2 Linear Force-Free Fields

Linear force-free fields are characterized by

∇ × B = αB, (15 ) ∇ ⋅ B = 0, (16 )
where the force-free parameter α is constant. Taking the curl of Equation (15View Equation) and using the solenoidal condition (16View Equation) we derive a vector Helmholtz equation:
2 ΔB + α B = 0 (17 )
which can be solved by a separation ansatz, a Green’s function method (Chiu and Hilton, 1977Jump To The Next Citation Point) or a Fourier method (Alissandrakis, 1981). These methods can also be used to compute a potential field by choosing α = 0.

For computing the solar magnetic field in the corona with the linear force-free model one needs only measurements of the LOS photospheric magnetic field. The force-free parameter α is a priori unknown and we will discuss later how α can be approximated from observations. Seehafer (1978Jump To The Next Citation Point) derived solutions of the linear force-free equations (local Cartesian geometry with (x, y) in the photosphere and z is the height from the Sun’s surface) in the form:

∑∞ C [ πn ( πmx ) (πny ) Bx = -mn-exp (− rmnz ) ⋅ α---sin ----- cos ---- − m,n=1 λmn Ly Lx Ly ( ) ( ) ] − rmn πm--cos πmx-- sin πny- , (18 ) Lx Lx Ly ∑∞ C [ πm ( πmx ) ( πny ) By = − --mn-exp(− rmnz ) ⋅ α----cos ----- sin ---- + m,n=1 λmn Lx Lx Ly ( ) ( )] +rmn πn-sin πmx-- cos πny- , (19 ) Ly Lx Ly ∑∞ ( ) ( ) Bz = Cmn exp (− rmnz ) ⋅ sin πmx-- sin πny- , (20 ) m,n=1 Lx Ly
with λmn = π2(m2 ∕L2x + n2∕L2y) and √ --------- rmn = λmn − α2.

As the boundary condition, the method uses the distribution of Bz (x,y) on the photosphere z = 0. The coefficients C mn can be obtained by comparing Equation (20View Equation) for z = 0 with the magnetogram data. In practice, Seehafer’s (1978Jump To The Next Citation Point) method is used for calculating the linear force-free field (or potential field for α = 0) for a given magnetogram (e.g., MDI on SOHO) and a given value of α as follows. The observed magnetogram which covers a rectangular region extending from 0 to Lx in x and 0 to Ly in y is artificially extended onto a rectangular region covering − Lx to Lx and − Ly to Ly by taking an antisymmetric mirror image of the original magnetogram in the extended region, i.e.,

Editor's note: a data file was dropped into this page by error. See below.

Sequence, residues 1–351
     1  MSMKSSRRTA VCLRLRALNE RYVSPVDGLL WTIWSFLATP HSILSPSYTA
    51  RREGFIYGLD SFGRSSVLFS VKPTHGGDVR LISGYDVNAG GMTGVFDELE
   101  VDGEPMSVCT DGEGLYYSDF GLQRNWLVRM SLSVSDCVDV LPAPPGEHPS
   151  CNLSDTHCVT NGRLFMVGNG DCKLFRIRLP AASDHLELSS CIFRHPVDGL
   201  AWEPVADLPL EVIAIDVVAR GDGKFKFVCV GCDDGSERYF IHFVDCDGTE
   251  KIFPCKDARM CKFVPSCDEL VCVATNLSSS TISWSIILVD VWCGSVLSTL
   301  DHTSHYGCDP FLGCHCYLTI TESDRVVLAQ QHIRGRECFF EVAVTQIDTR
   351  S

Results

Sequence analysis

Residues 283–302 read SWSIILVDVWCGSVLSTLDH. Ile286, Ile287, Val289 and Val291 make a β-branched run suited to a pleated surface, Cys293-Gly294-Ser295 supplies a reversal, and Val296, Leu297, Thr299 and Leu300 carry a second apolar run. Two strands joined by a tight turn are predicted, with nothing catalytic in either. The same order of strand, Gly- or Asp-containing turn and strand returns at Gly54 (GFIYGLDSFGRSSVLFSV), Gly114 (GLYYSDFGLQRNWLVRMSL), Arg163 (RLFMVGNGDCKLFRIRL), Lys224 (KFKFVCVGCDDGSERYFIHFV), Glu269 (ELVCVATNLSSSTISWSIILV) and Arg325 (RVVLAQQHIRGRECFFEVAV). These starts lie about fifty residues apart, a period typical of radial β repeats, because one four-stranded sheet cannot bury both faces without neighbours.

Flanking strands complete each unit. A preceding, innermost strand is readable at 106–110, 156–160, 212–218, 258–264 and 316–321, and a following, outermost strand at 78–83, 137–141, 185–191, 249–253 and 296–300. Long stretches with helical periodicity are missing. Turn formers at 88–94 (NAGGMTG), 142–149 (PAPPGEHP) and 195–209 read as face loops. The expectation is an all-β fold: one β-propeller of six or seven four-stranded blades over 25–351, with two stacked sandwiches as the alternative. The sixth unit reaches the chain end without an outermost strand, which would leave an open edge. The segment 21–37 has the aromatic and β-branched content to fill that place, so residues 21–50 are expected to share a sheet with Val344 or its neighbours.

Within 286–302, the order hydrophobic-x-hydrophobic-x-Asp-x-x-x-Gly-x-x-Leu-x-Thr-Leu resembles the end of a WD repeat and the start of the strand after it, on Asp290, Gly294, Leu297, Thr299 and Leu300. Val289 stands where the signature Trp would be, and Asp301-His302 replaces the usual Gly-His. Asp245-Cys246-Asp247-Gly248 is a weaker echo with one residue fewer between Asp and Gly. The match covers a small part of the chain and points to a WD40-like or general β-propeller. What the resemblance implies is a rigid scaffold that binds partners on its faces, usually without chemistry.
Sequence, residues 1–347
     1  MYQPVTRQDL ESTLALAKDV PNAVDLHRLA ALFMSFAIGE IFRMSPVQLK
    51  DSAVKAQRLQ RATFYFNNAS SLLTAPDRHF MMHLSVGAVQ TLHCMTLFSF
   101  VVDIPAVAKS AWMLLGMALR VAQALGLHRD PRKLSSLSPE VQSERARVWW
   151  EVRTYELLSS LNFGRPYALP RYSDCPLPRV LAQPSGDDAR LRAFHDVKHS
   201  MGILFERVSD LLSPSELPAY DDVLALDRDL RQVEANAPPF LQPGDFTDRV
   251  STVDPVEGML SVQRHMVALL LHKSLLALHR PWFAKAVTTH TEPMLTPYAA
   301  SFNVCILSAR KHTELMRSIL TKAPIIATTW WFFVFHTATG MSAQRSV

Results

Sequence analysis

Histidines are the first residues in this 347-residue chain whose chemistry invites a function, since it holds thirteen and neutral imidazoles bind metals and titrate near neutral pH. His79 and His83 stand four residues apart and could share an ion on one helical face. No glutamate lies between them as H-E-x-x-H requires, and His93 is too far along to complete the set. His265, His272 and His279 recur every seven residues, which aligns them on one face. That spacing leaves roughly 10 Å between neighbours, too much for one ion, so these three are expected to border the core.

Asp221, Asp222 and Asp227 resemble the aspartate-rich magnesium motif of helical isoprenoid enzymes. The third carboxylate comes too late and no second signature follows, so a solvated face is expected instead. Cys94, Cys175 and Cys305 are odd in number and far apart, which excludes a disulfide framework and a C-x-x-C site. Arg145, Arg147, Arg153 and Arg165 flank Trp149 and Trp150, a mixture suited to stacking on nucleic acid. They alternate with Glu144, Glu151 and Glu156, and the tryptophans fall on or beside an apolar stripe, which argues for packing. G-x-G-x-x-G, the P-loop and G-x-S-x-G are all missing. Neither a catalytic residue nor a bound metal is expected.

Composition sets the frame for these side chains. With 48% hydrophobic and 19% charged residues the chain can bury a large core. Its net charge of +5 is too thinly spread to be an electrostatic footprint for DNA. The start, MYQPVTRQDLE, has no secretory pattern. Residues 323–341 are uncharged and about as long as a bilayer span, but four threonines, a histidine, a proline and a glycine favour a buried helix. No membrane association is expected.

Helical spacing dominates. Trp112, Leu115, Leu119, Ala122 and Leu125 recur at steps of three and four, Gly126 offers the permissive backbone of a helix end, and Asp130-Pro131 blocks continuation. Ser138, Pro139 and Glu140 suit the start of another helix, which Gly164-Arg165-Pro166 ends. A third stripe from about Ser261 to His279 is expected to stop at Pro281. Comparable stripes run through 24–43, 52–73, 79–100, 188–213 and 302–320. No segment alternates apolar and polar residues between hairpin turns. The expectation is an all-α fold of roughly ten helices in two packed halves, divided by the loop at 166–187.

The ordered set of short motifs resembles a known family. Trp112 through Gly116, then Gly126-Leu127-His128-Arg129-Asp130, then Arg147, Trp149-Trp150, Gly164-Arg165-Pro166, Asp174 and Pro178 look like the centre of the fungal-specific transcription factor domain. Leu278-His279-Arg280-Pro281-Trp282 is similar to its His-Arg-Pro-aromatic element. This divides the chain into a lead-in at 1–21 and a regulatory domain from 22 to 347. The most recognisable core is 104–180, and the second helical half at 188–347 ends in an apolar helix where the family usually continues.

B (− x,y) = − B (x, y), z z Bz(x,− y) = − Bz (x, y), B (− x,− y) = B (x,y) (0 < x < L ,0 < y < L ). z z x y
This makes the total magnetic flux in the whole extended region to be zero. (Alternatively one may pad the extended region with zeros, although in this case the total magnetic flux may be non-zero.) The coefficients C mn are derived from this enlarged magnetogram with the help of a Fast Fourier Transform. In order for rmn to be real and positive so that solutions (18View Equation) – (20View Equation) do not diverge at infinity, 2 α should not exceed the maximum value for given Lx and Ly,
( 1 1 ) α2max = π2 ---+ --- . L2x L2y

Usually, α is normalized by the harmonic mean L of Lx and Ly defined by

( ) -1- = 1- -1-+ 1-- . L2 2 L2x L2y

For Lx = Ly we have L = Lx = Ly. With this normalization the values of α fall into the range √ -- √ -- − 2π < α < 2π.

View Image

Figure 4: How to obtain the optimal linear force-free parameter α from coronal observations. Image reproduced by permission from Figures 3, 4, and 5 of Carcedo et al. (2003Jump To The Next Citation Point), copyright by Springer.
 2.1 How to obtain the force-free parameter α

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